New Year’s Eve celebrated across Turkey amid tight security

New Year’s Eve celebrated across Turkey amid tight security

New Year’s Eve celebrated across Turkey amid tight security

New Year’s Eve was celebrated across Turkey amid tight security measures, with several roads closed to vehicle traffic and bans on celebrations in popular districts.

Roads leading to Istanbul’s popular Taksim Square were closed to vehicles at 3 p.m. on Dec. 31, 2017 as part of the security precautions, while tourists and pedestrians were allowed to enter the square after passing through police checks.

In a first, gendarmerie units used anti-drones developed by Turkish defense contractor Aselsan in the square against possible attacks, which grabbed the attention of passersby.

Another first was the use of two native Central Anatolian sheep dogs - Kangal and Akbaş - with police patrolling the square and the avenue with the dogs. While it is common for police to use K9 dogs, native dogs, whose mouths were muzzled, were used by police as part of preventive measures for the first time.

Detector dogs were also on duty against possible bomb attacks.

The authorities monitored surveillance footage from 38 cameras placed around Taksim and İstiklal Avenue and notified security forces if they spotted any suspicious movement.

Seven fire trucks waited near the square, while riot police officers were present in the area with their armored vehicles.

Despite the strict measures, a number of sexual harassment incidents took place in Taksim and three people were detained.

In addition to Taksim, a number of roads in the Beşiktaş and Kadıköy districts were also closed from 3 p.m. and heavy vehicles were not allowed to enter several districts, starting from early hours of the day.

While İstiklal Avenue was packed with people celebrating the coming of the new year, there were also some people out on the streets to protest the festivities.

A group in Karaköy distributed leaflets headlined “New Year’s Eve and Muslims” to passersby, urging people not to celebrate the day for religious reasons. The group dispersed after distributing the leaflets and lecturing locals.

Despite being one of the most popular sites of New Year’s Eve celebrations in recent years, the upscale neighborhood of Nişantaşı was largely empty this year as a result of the strict security measures.

The tight precautions were adopted a year after an Islamic State of Iraq and the Levant (ISIL) attack on a nightclub that left 39 people dead and another 79 wounded. Anti-ISIL operations were stepped up last week, with police apprehending many jihadist suspects who had reportedly been planning to stage attacks on New Year’s Eve.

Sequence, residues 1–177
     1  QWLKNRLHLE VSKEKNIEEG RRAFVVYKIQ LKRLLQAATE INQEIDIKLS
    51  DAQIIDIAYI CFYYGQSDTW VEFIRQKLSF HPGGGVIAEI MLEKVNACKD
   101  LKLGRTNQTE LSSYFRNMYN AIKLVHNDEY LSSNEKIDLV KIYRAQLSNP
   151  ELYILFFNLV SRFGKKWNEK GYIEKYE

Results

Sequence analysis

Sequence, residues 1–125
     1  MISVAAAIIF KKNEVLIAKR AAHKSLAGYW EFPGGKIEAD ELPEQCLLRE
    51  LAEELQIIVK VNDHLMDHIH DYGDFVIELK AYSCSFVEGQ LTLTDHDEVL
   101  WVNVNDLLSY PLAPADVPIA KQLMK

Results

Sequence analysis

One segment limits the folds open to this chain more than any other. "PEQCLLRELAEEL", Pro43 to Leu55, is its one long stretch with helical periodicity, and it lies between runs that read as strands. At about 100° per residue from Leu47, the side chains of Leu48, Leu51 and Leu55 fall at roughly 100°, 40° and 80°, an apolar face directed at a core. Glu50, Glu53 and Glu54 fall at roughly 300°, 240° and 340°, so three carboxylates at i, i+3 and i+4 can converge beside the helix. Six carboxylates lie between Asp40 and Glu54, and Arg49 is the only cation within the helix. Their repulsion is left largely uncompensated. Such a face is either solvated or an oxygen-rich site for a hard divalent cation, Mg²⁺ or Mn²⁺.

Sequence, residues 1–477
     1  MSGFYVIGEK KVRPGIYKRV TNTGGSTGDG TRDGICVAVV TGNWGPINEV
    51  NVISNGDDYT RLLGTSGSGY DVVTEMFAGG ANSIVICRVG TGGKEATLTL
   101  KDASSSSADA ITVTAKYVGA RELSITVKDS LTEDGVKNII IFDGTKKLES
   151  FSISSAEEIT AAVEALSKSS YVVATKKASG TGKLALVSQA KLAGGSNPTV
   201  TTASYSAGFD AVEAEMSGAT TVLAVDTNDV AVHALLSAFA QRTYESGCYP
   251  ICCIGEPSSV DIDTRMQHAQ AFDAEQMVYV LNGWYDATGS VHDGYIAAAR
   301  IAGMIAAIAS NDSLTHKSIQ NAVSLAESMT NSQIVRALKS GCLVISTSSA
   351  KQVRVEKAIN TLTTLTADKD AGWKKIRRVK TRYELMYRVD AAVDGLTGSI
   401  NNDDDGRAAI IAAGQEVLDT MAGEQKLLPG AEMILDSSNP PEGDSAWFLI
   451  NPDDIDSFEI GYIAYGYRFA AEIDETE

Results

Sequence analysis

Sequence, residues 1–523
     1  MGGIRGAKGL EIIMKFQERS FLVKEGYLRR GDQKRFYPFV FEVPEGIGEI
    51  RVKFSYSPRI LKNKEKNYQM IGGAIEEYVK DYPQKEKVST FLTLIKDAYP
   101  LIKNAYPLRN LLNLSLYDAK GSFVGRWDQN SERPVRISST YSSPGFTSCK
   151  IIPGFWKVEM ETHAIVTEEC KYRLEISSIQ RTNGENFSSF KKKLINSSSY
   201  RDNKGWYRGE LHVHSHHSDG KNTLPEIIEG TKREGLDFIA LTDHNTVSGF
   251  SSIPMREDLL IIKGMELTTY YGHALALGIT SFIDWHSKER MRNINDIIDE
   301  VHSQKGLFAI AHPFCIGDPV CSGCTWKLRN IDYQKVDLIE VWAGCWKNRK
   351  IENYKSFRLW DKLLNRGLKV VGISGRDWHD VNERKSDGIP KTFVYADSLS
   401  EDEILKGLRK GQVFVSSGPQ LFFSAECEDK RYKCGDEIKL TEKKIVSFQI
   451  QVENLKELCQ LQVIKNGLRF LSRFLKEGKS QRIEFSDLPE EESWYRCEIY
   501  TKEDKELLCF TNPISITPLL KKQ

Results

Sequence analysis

Strict security measures were also taken in the capital Ankara, where some police officers disguised themselves in Santa clothing in the Kızılay Square.

In the Central Anatolian provinces of Sivas and Konya, the religious conservative Anatolia Youth Association (AGD) staged events to mark the 1,387th anniversary of the conquest of Mecca.

“Muslims don’t celebrate New Year’s Eve,” chanted participants of a rally organized in Sivas by the AGD, which said its aim was to “change Sivas residents’ minds about celebrating the day.”

In the Central Anatolian province of Eskişehir, tension rose when two Iraqis opened their country’s flag during a street celebration attended by Iraqis and Syrians. Upon seeing the Iraqi flag, a group of Turks reportedly opened a Turkish flag, chanted slogans, and physically confronted the Iraqis.

“How happy is the one who calls himself a Turk!” was among the slogans chanted by locals, who also sung the Turkish national anthem.

Tension eased after police intervened to separate the two sides.

In the southern province of Antalya, meanwhile, a group of revelers celebrated the coming of the new year by swimming in the sea.

The group of nearly 20 people, including teachers, engineers and businesspeople, lit a fire in the Konyaaltı Beach to warm up and swam in the Mediterranean despite the cold winter weather.

A popular vacation site for Iranian tourists, the eastern province of Van hosted many Iranian revelers who welcomed the new year in nightclubs.

In the southeastern provinces of Gaziantep and Şanlıurfa, many locals reportedly “celebrated” 2018 by opening fire into the air, a traditional but much criticized method of celebration in parts of Turkey’s southeast. No casualties were reported as a result of the firings in Şanlıurfa’s Siverek district and Gaziantep’s İslahiye district.

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